And Then There Were 2 - SEC Down To Fewer Teams In Big Dance Than Coaching Openings

There are fewer SEC men's teams remaining in the NCAA Tournament (2) than there are men's head coaching openings (3).

No. 3 seed Tennessee failed to reach the Sweet 16 for the third time in four NCAA Tournament trips under coach Rick Barnes as it lost 76-68 loss to No. 11 seed Michigan on Saturday. No. 2 seed Kentucky and No. 6 seeds Alabama and LSU lost in the first round on Thursday and Friday.

That is four closings out of six invitees. SEC coaching openings remain at South Carolina, LSU and Missouri, though Mizzou was close to hiring Cleveland State coach Dennis Gates as of Sunday.

Mississippi State just hired New Mexico State coach Chris Jans on Sunday.

And then there were two. Only No. 2 seed Auburn (28-5) and No. 4 seed Arkansas (27-8) remain from the SEC. Auburn plays No. 10 seed Miami (24-10) at 7:45 p.m. eastern Sunday on TruTV with the Sweet 16 on the line.

Arkansas survived an offensive quagmire Saturday night to hold off No. 12 seed New Mexico State, 53-48, in Buffalo, New York, and advance to the Sweet 16 in San Francisco. Arkansas, which is in back-to-back Sweet 16s for the first time since the "40 Minutes Of Hell" days produced four straight from 1993-96, plays overall No. 1 seed and No. 1-ranked Gonzaga (28-3) on Thursday. Gonzaga beat a determined No. 9 seed Memphis, 82-76, in the late game Saturday.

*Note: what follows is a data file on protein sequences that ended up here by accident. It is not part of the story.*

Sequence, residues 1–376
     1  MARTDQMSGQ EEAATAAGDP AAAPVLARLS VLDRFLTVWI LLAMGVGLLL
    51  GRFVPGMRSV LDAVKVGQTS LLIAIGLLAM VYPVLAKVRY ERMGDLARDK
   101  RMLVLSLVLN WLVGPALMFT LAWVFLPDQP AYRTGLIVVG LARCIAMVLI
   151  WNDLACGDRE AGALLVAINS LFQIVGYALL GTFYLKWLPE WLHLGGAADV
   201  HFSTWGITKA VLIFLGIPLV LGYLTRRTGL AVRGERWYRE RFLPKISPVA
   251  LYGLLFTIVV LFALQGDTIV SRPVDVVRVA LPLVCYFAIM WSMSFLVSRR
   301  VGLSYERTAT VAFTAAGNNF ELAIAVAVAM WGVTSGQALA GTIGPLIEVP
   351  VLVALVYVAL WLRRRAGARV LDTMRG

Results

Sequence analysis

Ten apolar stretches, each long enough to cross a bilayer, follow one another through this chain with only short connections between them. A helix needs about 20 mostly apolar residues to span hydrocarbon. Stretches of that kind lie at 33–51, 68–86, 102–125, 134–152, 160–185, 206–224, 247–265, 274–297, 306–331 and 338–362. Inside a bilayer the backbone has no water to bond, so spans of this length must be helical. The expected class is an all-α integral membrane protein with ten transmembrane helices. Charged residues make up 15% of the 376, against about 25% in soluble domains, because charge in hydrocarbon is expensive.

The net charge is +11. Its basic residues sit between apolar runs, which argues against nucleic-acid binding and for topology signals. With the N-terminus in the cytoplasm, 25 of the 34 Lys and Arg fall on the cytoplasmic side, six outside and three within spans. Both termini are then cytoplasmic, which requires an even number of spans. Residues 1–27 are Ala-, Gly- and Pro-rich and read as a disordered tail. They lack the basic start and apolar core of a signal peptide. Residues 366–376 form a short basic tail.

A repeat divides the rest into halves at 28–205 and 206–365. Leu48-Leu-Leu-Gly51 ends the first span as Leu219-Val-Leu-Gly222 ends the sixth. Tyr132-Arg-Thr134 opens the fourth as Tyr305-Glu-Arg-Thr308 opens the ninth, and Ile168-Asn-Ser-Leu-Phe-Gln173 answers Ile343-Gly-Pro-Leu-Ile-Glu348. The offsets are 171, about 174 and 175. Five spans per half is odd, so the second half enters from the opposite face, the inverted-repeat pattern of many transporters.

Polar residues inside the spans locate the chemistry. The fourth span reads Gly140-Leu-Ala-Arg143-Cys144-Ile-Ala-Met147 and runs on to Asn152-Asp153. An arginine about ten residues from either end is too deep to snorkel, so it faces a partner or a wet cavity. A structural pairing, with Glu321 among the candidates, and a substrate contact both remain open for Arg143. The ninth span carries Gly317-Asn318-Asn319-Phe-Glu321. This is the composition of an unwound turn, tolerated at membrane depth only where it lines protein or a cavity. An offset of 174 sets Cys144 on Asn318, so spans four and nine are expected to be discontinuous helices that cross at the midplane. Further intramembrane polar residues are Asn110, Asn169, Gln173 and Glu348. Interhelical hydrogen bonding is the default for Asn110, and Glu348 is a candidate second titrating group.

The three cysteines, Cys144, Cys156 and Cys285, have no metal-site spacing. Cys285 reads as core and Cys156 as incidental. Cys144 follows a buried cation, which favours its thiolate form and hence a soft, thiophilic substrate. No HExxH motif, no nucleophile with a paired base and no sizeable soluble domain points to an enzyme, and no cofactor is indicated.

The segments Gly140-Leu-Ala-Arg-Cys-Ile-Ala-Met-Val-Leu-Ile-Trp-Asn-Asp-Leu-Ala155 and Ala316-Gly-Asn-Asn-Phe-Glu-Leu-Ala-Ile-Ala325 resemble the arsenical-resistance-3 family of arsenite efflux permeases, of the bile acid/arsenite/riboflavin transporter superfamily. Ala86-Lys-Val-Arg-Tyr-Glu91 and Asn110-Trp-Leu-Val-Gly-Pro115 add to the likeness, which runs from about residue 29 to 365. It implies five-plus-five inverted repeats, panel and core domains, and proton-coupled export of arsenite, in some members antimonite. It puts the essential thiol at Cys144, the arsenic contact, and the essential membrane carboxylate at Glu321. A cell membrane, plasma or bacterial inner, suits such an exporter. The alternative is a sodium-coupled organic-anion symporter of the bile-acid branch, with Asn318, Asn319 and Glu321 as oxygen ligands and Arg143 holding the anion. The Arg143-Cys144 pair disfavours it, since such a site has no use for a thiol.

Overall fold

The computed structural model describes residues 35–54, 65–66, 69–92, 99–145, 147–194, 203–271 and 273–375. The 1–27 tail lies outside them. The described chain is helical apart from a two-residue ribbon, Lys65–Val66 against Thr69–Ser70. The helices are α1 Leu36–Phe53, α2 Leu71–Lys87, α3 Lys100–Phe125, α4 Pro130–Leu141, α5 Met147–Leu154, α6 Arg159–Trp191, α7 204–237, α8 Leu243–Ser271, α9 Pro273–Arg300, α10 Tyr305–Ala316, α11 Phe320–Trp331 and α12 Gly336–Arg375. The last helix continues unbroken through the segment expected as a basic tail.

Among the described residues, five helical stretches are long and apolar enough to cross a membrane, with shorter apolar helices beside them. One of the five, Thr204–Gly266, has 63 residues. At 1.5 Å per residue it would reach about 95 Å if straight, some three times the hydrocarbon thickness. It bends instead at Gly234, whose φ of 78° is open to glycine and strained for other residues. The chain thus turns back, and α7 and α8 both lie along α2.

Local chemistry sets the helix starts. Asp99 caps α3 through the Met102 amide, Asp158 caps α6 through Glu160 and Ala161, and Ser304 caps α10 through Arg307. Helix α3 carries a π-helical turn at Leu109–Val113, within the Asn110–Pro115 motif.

"We spent the last 48 hours or whatever only talking about defense," said Arkansas coach Eric Musselman, whose team held New Mexico State guard Teddy Allen to a mere 12 points after he scored 37 in an upset over No. 5 seed Connecticut in the first round.

"I thought it was a defensive clinic," Musselman said. "But I'm not sure I'll have a job tomorrow because of our offense."

Arkansas scored the fewest points by an SEC team in an NCAA Tournament game in the shot clock era, which began in 1985. It was the fewest by an SEC team in the Big Dance since a 56-53 win by the Razorbacks over 12 seed Wofford in 2015. The Hogs shot 27 percent from the field (14 of 51) and 18 percent from 3-point range (3 of 16) with 12 turnovers, but as of Sunday morning Arkansas did not have SEC opening No. 7 since the end of the regular season.

"Not a cosmetically pleasing offensive type of game," he said.

Gonzaga will score more than New Mexico State. The Zags are No. 1 in the nation in scoring with 87.8 points a game. Arkansas is No. 48 at 76.2. Gonzaga allows 66 points a game for No. 73 in the nation. Arkansas is No. 140 in scoring defense with 68 allowed a game.

Musselman, whose father Bill was seen as a defensive genius, beat New Mexico State with his defense, which held the Aggies to 34 percent shooting (18 of 53) and 23 percent from 3-point range (6 of 26) and forced 19 turnovers.

"We scrapped a lot of stuff we did all year defensively," Musselman said. "And we spied on Allen. We did a great job on Allen. All our guys read about him, saw what he did. Just an incredible job."